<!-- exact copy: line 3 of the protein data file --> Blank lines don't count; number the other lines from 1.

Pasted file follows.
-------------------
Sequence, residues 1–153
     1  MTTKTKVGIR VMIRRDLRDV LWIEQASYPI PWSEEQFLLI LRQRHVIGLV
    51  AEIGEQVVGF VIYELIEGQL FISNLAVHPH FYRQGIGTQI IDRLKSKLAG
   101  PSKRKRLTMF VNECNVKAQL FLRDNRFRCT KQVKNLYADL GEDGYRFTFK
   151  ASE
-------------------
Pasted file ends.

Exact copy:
    51  AEIGEQVVGF VIYELIEGQL FISNLAVHPH FYRQGIGTQI IDRLKSKLAG